Prior to the coronavirus outbreak, many emerging economies grappled with challenges linked to diversity and changing demographics, but people who interact more with those who are different from them tend to be more positive about societal diversity, according to a new Pew Research Center report. Interactions with people of different backgrounds also contribute to favorable views of people of different racial and ethnic identities.
Across the 11 countries surveyed (Colombia, India, Jordan, Kenya, Lebanon, Mexico, the Philippines, South Africa, Tunisia, Venezuela and Vietnam), more people said their countries are better off thanks to the increasing number of people of different races, ethnic groups and nationalities who live there (median of 42%) than said their country is worse off (22%), and a large minority said these changes make no difference (30%).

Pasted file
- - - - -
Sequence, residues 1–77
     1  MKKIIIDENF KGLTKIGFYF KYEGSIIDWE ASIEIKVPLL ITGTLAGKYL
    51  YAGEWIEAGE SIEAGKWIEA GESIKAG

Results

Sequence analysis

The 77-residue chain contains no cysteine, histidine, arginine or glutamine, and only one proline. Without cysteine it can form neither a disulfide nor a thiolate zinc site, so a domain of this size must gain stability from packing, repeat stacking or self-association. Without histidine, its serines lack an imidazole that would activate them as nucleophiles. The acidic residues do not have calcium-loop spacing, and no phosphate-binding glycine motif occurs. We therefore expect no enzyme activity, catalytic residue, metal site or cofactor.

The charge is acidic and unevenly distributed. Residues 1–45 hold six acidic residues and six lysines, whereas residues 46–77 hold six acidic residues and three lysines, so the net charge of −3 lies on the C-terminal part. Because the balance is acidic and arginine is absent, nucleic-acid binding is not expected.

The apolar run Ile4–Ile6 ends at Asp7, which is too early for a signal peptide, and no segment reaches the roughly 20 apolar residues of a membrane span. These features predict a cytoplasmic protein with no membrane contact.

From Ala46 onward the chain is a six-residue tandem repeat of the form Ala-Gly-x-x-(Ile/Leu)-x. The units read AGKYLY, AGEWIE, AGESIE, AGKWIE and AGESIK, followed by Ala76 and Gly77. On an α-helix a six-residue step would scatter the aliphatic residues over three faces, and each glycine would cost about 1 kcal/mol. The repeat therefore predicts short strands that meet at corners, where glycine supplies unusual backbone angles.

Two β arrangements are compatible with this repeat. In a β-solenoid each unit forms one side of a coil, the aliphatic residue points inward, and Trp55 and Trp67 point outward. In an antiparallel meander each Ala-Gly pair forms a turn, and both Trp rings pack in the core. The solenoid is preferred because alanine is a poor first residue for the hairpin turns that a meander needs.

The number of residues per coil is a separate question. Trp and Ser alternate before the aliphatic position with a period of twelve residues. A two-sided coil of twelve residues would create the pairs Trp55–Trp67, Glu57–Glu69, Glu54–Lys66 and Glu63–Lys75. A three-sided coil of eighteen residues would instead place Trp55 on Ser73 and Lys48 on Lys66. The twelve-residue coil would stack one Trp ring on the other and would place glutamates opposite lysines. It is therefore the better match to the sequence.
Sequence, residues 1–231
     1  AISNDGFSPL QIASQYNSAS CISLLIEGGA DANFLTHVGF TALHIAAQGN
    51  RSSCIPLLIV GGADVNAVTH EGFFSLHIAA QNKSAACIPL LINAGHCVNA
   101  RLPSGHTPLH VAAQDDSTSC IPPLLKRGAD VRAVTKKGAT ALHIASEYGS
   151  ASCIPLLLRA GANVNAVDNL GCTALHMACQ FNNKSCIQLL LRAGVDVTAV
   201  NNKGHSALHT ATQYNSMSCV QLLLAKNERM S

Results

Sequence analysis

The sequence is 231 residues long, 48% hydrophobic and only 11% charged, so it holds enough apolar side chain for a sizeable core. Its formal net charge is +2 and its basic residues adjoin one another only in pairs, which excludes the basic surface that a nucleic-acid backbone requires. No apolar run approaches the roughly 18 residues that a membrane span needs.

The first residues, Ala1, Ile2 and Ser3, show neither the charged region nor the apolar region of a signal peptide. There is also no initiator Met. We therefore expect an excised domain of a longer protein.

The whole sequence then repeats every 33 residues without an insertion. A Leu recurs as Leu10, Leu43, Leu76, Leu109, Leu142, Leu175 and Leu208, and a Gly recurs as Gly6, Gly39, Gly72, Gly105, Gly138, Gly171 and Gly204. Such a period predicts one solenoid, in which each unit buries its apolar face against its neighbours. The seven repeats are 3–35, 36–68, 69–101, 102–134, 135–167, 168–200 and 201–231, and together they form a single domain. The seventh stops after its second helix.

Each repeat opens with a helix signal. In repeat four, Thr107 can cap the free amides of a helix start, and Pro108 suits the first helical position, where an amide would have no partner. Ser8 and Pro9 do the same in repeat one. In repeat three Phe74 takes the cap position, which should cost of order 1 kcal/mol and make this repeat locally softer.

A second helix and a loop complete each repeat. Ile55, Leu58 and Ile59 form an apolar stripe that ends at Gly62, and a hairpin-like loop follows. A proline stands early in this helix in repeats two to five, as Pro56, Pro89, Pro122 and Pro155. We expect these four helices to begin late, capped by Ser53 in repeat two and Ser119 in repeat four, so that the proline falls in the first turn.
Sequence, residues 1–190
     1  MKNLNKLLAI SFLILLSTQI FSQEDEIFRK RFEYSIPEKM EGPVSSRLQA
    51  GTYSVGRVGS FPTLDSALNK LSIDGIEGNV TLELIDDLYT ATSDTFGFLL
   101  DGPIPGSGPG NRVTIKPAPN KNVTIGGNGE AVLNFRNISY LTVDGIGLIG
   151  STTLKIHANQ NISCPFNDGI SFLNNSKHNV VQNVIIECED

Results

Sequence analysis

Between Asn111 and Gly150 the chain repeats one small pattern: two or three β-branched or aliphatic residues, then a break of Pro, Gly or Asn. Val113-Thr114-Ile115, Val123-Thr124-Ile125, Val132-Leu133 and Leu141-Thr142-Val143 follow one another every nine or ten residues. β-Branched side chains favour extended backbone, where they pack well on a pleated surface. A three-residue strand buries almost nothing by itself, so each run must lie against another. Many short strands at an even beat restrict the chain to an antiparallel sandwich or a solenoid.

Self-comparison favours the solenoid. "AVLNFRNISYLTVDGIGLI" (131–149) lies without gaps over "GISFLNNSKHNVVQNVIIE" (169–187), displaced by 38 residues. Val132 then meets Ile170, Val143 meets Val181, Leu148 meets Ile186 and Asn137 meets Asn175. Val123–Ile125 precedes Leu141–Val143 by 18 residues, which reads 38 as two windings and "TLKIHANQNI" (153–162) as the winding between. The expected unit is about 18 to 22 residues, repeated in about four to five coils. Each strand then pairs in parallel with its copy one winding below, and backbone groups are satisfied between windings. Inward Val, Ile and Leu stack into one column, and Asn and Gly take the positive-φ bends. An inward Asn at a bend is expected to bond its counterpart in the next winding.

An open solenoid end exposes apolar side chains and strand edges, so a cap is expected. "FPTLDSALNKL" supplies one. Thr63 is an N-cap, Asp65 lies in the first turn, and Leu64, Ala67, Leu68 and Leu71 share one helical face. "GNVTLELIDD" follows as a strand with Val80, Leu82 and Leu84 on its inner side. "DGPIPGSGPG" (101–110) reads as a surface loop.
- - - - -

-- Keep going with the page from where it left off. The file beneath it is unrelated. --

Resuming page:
In South Africa, a majority of people had a favorable view of white South Africans, black South Africans and coloured South Africans. But people tended to have more positive views of their own racial group than of others. However, favourability of both coloured and white South Africans is higher among those who report regular interactions with people of different backgrounds.
These are among the major findings from a Pew Research Center survey conducted among 28,122 adults in 11 countries from 7 Sept to 7 Dec 2018. To read the full report, click here.
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